Ms. Tyler felt she was entitled to her $25,000 surplus under the Takings Clause of the Fifth Amendment and the Excessive Fines Clause of the Eight Amendment to the U.S. Constitution.  After the Minnesota District Court dismissed Ms. Tyler’s suit for failing to state a claim, and the Eighth Circuit Court of Appeals affirmed, SCOTUS reversed in a 9-0 decision.  SCOTUS held that Ms. Tyler had plausibly plead on the face of her complaint that she suffered financial harm under the Takings Clause when the County illegally appropriated the $25,000 surplus beyond her $15,000 tax debt and is entitled to just compensation.  As to the question of whether Ms. Tyler has a property interest in the $25,000 surplus protected by the Takings Clause, the Court said that she did.  The Court stated that the long-standing principle that the United States government may not take more from a taxpayer than what she owes has roots dating back to Magna Carta.  Reviewing the evolution of Federal and States’ tax laws, as well as the Court’s own precedents, the Court noted the requirement and principle that a taxpayer is entitled to the surplus in excess of the debt owed. 

Among the County’s arguments in support of the constitutionality of Minnesota’s tax law was that the law was similar to a law the Court upheld in Nelson v. City of New York[6].  In Nelson, New York City foreclosed on properties for unpaid water bills and was allowed to retain the surplus from the sales if the owners did not apply to receive the surplus back within 20 days of the sale.  The Nelson Court held that because the New York City ordinance did not “absolutely preclude[e] an owner from obtaining the surplus proceeds of a judicial sale,” but instead simply defined the process through which the owner could claim the surplus, there was no Takings Clause violation.  The Court quickly spotted the distinction between Nelson and Ms. Tyler’s case, noting that Minnesota’s statutory scheme provided no opportunity for the taxpayer to recover the excess value like the one in Nelson

Finally, among other arguments, the County argued that by neglecting the “reasonable condition” to property ownership of paying property taxes, Ms. Tyler abandoned her property and therefore could not state a plausible takings claim.  The County equated the statutory scheme to other States’ statutory schemes taking title to abandoned property.  However, the Court did not agree that simply failing to pay property taxes, by itself, is sufficient to constitute abandonment of one’s property interest.  The Court distinguished Ms. Tyler’s case from prior Court rulings on the abandonment of property interests where there was no present intention to retain the interest.  For example, in Texaco, Inc. v. Short[7] the Court held that an Indiana statute that automatically reverted a mineral interest to the owner of the land if not used for 20 years did not violate the Takings Clause because the State “has the power to condition the permanent retention of [a] property right on the performance of reasonable conditions that indicate a present intention to retain the interest” without violating the Takings Clause.  The statutory scheme in Texaco was focused on abandonment, while Minnesota’s tax forfeiture scheme was not about abandonment at all, evidenced by the fact that Minnesota law allows delinquent taxpayers to remain in their homes for years until the government sells it.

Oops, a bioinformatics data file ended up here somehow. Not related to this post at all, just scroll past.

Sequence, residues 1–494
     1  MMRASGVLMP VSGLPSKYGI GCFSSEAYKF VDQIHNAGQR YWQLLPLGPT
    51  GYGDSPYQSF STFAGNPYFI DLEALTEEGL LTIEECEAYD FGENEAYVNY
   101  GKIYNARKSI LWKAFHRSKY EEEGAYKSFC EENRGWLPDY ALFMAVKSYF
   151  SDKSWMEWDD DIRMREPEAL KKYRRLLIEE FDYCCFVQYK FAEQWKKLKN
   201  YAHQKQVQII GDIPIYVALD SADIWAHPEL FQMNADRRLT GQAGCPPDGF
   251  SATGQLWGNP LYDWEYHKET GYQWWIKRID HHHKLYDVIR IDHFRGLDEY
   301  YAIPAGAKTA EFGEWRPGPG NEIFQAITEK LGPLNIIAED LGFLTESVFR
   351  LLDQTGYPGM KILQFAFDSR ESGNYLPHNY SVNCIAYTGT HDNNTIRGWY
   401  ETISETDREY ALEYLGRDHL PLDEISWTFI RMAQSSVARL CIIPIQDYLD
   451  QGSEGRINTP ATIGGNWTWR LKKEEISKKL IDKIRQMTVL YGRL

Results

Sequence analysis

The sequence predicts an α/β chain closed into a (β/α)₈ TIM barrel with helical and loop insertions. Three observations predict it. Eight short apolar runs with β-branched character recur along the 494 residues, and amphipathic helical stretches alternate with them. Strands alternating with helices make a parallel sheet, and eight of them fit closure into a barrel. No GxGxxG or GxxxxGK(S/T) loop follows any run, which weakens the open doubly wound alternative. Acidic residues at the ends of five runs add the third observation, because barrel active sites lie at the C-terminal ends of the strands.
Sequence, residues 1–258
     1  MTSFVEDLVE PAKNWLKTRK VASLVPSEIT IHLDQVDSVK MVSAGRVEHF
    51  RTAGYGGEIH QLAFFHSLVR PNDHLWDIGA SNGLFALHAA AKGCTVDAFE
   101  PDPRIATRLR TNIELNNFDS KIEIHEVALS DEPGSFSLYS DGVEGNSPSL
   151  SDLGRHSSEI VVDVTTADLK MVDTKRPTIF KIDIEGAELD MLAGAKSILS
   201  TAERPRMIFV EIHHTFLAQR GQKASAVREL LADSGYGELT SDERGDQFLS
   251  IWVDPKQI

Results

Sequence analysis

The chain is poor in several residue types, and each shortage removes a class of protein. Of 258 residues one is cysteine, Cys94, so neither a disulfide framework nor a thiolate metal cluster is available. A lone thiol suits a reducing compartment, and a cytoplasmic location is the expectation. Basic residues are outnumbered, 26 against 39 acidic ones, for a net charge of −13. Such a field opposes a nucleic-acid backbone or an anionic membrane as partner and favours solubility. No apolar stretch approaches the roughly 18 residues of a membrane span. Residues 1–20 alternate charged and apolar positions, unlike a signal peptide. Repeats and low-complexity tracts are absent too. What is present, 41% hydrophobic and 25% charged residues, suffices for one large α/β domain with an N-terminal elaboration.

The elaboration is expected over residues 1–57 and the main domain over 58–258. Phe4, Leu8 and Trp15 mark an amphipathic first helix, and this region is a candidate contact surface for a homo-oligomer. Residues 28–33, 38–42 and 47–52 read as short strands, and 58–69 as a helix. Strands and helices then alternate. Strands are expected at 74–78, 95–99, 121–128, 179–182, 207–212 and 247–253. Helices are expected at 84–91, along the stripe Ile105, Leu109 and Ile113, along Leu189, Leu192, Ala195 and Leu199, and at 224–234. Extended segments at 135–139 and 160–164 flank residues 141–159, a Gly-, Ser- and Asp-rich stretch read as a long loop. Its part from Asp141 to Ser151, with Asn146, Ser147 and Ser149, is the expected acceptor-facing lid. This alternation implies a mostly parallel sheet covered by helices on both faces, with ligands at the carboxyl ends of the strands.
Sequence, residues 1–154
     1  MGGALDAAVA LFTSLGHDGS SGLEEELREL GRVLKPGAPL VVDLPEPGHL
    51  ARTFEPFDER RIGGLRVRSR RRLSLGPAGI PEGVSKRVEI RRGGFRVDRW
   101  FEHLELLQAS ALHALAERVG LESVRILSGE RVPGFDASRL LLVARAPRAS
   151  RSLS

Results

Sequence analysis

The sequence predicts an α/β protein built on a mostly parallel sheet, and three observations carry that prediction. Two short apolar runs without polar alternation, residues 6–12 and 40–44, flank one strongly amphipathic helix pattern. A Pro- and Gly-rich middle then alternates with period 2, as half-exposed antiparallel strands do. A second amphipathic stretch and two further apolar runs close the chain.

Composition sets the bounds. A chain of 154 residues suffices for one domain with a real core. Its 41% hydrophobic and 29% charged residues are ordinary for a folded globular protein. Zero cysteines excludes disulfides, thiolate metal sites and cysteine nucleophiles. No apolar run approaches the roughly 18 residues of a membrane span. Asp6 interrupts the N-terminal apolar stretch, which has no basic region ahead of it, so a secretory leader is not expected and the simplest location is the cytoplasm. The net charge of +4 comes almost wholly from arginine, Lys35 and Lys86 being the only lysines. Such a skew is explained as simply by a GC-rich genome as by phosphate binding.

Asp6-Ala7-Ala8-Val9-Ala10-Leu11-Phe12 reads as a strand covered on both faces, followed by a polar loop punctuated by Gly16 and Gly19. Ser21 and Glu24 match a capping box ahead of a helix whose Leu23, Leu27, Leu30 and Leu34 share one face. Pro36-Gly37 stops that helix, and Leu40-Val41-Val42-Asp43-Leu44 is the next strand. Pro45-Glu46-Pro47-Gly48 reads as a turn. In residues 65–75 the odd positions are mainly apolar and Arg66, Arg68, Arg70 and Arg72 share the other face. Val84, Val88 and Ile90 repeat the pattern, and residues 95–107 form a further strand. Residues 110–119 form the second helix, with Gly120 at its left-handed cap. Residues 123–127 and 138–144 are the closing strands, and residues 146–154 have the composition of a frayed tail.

It is safe to say that North Carolina’s foreclosure process for unpaid property taxes will not face scrutiny like Minnesota’s in Tyler.  North Carolina’s rules for foreclosing tax liens are akin to mortgage foreclosures, where the surplus from the foreclosure sale less costs and other fees is paid in accordance with the directions of the court, typically to the taxpayer[8].  It is worth noting, as SCOTUS did in Tyler, that North Carolina was one of ten States that adopted statutes in the Country’s early years that adhered to the principle that the government can only take so much of a tract of land necessary to satisfy the taxes due thereon (although it later amended its laws in 1842 to permit the forfeiture of unregistered “swamp lands”)[9].     

This article is part of a series covering recently published North Carolina and South Carolina cases involving real property issues. To read more, click here. If you have questions or need assistance regarding these topics, contact Alex Serkes at aserkes@maynardnexsen.com.

[1] 286 N.C. App. 570.
[2] Maynard Nexsen’s David Pokela represented Mr. Frazier in this case.
[3] The 2000 Amendment defined short-term rentals as the “rental, lease, or use of an attached or detached residential dwelling unit that is less than 28 consecutive days . . . .”
[4] 598 U.S. ____ (2023) (Slip Opinion No. 22-166).
[5] See Minn. Stat. § 282.08.
[6] 352 U.S. 103 (1956).
[7] 454 U.S. 516 (1982).
[8] See N.C.G.S. § 105-374(q).
[9] See 1792 N.C. Sess. Laws p. 23, § 5; and 1842 N.C. Sess. Laws p. 64, § 1.